"Many of the devices I don't see as improving too much on the basic ice cube," he said.
On the other hand, patient convenience and compliance is an issue.
"You'll not get as good a performance as the ice cube, but an ice cube unused isn't any good either," he said.
Efficacy and patient compliance are the reasons Evan Ekman, MD, chooses continuous cold flow therapy instead of old-fashioned ice. He is an assistant professor of orthopedic surgery and director of the University of South Carolina's Sports Medicine Center in Columbia.
"(With) something that is under a dressing for either an acute injury or in a postoperative setting, I don't have to worry about ice on the knee to maintain a cold temperature," he said. "I also can intimately fine-tune the temperature of the unit I am using."
Ekman uses a continuous cold flow therapy unit that monitors the temperature at the pad/skin interface, he said. The temperature of the skin feeds back to the unit to adjust the temperature of the pad.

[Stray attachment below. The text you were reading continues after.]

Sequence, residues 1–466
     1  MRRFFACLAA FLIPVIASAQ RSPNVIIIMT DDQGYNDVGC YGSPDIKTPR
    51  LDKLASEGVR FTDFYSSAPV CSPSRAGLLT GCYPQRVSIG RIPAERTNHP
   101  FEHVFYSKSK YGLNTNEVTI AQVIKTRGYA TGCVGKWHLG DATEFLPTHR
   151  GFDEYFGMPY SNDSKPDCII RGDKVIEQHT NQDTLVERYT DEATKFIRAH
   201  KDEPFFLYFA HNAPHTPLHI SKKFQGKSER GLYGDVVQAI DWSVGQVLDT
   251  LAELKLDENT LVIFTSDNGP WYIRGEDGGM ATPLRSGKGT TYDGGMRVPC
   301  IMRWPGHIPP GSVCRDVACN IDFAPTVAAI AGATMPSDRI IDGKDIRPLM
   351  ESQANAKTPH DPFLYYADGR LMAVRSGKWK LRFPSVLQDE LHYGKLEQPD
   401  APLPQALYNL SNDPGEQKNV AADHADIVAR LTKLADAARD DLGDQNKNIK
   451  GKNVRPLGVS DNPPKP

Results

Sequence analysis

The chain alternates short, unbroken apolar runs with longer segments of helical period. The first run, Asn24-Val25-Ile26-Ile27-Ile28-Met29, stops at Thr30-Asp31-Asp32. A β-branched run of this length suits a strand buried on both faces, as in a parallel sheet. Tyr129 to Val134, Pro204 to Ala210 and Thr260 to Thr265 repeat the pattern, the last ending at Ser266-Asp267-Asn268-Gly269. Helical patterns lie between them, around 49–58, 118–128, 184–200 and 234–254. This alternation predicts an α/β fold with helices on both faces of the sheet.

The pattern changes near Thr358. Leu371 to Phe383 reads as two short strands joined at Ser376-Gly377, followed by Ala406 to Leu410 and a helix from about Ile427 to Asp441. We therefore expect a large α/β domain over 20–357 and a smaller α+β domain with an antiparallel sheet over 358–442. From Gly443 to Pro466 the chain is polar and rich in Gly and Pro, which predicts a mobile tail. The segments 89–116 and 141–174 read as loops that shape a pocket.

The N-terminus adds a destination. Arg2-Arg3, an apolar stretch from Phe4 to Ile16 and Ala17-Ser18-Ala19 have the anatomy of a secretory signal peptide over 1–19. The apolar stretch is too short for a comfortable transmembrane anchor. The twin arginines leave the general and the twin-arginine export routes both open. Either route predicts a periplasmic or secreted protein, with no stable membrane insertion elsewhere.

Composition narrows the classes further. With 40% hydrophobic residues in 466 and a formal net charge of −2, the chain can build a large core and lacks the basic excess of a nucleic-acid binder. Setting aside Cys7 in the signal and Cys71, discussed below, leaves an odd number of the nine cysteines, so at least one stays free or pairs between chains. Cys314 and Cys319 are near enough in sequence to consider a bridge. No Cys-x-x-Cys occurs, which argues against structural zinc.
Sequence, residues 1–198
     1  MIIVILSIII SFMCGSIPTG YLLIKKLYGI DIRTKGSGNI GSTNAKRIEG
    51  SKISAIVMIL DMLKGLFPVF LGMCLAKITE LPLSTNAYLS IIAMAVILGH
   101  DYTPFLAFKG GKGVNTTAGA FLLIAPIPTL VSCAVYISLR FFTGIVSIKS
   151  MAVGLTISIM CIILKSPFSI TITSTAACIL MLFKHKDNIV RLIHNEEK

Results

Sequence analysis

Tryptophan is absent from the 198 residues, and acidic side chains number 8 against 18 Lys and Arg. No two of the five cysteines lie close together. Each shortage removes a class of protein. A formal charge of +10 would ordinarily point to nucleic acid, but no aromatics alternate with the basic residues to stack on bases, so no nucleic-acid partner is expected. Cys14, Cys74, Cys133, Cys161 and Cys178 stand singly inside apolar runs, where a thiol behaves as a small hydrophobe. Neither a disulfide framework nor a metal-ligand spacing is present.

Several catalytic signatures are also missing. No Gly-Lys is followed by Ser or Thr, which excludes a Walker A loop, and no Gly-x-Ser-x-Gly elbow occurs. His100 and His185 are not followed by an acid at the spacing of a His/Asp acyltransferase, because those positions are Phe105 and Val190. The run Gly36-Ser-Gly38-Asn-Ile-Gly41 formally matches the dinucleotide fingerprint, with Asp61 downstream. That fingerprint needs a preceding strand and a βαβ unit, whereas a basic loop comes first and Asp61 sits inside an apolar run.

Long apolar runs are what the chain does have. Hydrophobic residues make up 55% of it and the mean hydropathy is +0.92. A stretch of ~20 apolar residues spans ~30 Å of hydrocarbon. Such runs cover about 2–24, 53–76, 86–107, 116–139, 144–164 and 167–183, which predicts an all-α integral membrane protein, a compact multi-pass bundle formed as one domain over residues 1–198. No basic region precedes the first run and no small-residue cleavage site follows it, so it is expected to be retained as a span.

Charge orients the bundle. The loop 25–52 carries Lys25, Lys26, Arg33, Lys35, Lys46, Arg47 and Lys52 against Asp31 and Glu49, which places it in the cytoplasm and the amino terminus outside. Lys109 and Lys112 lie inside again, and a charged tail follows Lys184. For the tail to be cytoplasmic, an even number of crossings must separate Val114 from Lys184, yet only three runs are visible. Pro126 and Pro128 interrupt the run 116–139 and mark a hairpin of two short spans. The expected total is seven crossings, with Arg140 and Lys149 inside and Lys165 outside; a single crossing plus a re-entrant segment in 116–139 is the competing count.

"To me, continuous cold therapy is not a technological breakthrough, but it is a significant advancement from the patient's perspective. It increases compliance, patient satisfaction, and ultimately, the efficacy of cold therapy," he said.
To control postoperative pain, Randall Robbins, MD, of Oak Ridge, TN, prefers an ice pack connected to the continuous-flow cold therapy pump.
"I chose that because it gives both compression and cryotherapy. The disadvantage to new products is they don't give a constant temperature regulation. If water heats up, then the area gets warm. I don't put anything between the skin and the cryo unit. I put steri-strips over the wound, one 4 x 4 inch gauze pad and tape, then the cryo unit over the shoulder. I haven't had any problem with ice burns with the ice pack," Randall said.
On the field, however, the continuous cold therapy unit is not necessarily the most practical method of applying cold.
"We use mostly ice," said Jennie Stone, ATC.
Stone is senior manager for clinical programs in the division of sports medicine for the U.S. Olympic committee in Colorado Springs, CO.
"In the athletic world, there're a lot of reasons for that. Oftentimes, you have to mix up beverages and drinks, so you need an ice machine anyway. Even if you use a reusable product, you can't get rid of your ice machine."